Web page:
Will the New Taliban Government uphold the rights of woman?

picture courtesy: theguardian.com

By: Nalin Jayetileke

Since taking over control of the new Afghanistan, The Taliban has stated that Women would be free to work. However, it gave little detail about how it is going to work and what other rules and restrictions will be imposed as they move on.

As reported by the BBC on 17th of Aug, Zabihullah Mujahid the spokesperson has stated that all Afghans must live “within the framework of Islam”.

However, some of the Groups fighting for its rights fear women’s freedom could be very fragile under the new Taliban rule. When Afghanistan was controlled by the Militant Group during 1996 era, they introduced punishments based on Islamic Sharia Law. Women had to wear the all-covering burka, authorized only girls under the age of 10 to go to school

“We are going to allow women to work and study within our framework,” he said. “Women are going to be very active within our society.” This statement by the Taliban is seen as a positive sign for the future of Afghanistan as the International community may look over their shoulder to see if what has been said is being upheld by the new state. As I see it, one cannot expect the Taliban  to just open up everything to suit everyone’s wishes  and see that the international community is happy.  Expectations of the majority is that life, in terms of the dress code and the way of life for women in Afghanistan, their right to education and higher education, right to get involved in a profession of their choice and the right to be treated and accepted in the society and not be treated as inferior beings who have no voice of their own which some have respected due to religious belief, would see an end.

Being a different country, they will want to have their own way of thinking, want it to be respected by other countries as much as any other country respects another’s thinking and laws. Striking a balance here could be seen mandatory at this moment as it will be of paramount importance to see that the new state is not seen as what they used to be in the late 90’s as the international community would expect Taliban to lead their country with a difference this time around, especially when it comes to treatment of women and Children in Afghanistan.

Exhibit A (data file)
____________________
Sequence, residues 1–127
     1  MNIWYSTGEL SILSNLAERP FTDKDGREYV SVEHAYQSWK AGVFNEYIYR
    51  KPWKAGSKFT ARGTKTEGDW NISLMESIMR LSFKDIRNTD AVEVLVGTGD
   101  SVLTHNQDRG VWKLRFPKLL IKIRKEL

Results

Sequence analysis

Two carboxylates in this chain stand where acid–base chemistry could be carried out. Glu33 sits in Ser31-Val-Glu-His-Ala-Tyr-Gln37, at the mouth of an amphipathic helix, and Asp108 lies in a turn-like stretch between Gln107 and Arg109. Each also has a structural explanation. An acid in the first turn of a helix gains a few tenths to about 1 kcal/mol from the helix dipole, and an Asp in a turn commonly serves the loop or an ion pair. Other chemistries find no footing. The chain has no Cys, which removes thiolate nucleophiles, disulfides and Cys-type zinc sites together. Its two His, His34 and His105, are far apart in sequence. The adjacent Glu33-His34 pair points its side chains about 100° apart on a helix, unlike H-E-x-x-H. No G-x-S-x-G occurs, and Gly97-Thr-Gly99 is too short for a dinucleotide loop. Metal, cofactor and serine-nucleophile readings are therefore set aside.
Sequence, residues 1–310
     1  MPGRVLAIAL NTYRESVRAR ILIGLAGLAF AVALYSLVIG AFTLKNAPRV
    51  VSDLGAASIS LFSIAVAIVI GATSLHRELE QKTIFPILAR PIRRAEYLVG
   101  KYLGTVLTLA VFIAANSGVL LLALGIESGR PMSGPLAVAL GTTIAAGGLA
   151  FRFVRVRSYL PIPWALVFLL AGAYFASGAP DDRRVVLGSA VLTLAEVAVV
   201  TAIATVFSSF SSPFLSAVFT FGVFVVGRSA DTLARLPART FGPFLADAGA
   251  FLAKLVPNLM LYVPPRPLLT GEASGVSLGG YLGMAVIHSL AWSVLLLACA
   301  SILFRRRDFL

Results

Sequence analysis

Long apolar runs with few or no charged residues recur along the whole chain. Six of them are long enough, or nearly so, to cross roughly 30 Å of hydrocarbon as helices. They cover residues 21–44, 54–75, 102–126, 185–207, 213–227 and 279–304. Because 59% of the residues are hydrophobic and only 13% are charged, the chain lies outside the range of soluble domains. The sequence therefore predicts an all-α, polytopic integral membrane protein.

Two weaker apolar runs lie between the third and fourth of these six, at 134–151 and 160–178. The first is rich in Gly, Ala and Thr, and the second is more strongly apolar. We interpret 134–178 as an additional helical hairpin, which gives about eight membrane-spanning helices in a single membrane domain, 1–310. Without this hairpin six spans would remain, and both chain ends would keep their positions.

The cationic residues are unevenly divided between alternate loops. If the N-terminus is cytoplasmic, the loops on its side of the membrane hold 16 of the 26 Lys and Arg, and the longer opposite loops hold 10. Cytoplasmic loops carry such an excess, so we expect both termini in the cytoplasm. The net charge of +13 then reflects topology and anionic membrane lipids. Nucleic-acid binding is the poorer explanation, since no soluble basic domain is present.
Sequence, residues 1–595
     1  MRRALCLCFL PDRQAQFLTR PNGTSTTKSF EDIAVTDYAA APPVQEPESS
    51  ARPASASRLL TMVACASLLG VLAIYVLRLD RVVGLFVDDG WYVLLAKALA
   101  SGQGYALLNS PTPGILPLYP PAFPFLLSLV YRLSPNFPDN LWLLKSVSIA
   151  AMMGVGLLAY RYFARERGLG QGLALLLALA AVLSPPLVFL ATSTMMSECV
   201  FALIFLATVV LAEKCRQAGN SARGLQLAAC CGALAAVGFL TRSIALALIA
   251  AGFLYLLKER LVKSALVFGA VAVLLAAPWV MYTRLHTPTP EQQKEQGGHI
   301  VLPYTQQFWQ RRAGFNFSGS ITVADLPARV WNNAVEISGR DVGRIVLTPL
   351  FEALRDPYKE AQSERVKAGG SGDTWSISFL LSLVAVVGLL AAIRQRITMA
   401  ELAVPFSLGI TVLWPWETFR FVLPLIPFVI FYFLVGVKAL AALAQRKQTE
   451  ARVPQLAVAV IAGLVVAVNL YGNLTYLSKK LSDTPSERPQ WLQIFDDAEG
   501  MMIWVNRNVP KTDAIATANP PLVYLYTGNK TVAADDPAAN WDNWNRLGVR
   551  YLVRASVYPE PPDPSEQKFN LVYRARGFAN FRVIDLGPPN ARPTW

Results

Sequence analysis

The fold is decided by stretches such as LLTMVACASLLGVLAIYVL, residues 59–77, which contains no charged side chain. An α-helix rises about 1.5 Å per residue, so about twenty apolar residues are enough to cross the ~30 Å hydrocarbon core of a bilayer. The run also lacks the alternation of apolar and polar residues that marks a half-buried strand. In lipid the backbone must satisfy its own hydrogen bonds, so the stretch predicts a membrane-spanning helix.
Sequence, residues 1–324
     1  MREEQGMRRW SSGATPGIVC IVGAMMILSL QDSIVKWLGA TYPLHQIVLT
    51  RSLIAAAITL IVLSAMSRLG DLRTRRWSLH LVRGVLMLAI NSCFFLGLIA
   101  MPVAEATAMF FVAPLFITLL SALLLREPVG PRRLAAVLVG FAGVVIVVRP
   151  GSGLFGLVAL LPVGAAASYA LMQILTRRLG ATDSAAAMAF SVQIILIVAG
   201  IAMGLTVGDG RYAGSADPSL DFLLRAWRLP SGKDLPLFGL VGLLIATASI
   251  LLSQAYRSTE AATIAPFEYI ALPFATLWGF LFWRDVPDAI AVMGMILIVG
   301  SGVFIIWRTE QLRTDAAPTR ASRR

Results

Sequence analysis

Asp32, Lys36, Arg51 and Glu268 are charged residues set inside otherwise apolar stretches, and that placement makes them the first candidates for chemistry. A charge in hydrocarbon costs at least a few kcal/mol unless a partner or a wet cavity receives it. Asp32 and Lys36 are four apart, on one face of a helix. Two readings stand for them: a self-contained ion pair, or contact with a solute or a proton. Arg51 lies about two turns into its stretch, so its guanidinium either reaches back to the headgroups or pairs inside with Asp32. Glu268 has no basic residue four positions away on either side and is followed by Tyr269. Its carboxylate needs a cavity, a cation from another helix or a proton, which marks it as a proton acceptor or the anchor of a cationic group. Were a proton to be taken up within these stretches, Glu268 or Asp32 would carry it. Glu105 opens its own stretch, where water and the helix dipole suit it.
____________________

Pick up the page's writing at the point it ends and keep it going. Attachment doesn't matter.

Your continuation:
Meanwhile, Islamic women in Taliban are said to be accepting to wear the all-covering burka, and are of the view that being a Muslim country and as Muslim women they should respect such norms but their main concern is not about the dress but education and the freedom to work for women. It has also been a fact that the new Taliban government announced an all-male Government and several protests are said to be taking place right now in Kabul, by women’s  groups seeking women to be included in the new government of Taliban. In such a scenario, women will now be testing the limits as a new order emerges.

Yesterday, a Group of women in Kabul and the north-eastern province of Badakhshan reported to have protested against the formation of the all-male interim Taliban government. This is according to the BBC report yesterday which highlights that some protesters have said “It is our right to protest,” said Haseeneh from Kabul. “Now that we know what the Taliban meant by their new cabinet, we will protest. They kept saying that women should wait till the Taliban announce their new cabinet. There is not a single woman in the cabinet.”

Meanwhile some Afghans from the southern province of Helmand called for other countries to recognize the Taliban government and stated that if accepted by the world, their lives are going to be much easier. If the protests continue and the Taliban suppress them, the international community may not recognize the Taliban’s new government and it will be the people of Afghanistan that will suffer, something the new state will have to be thoughtful about. Whilst this has been the thinking of an Afghan in general, there are reports to say that dozens of women in Kabul and the north-eastern province of Badakhshan protested against the formation of the all-male interim Taliban government.

Situation being so, it is too early for anyone to come to a conclusion that the new government will not make the women in Afghanistan to be treated as equals.  The international community feels that there may not be any change into women’s rights they had in the late 90’s with no access to Education and work. Given the thinking and strategies they have had in taking over control of Afghanistan, fighting a foreign force, one can only conclude and be certain that the new Afghan government does seem to have answers to such and may execute them at the right time.

Fingers Crossed!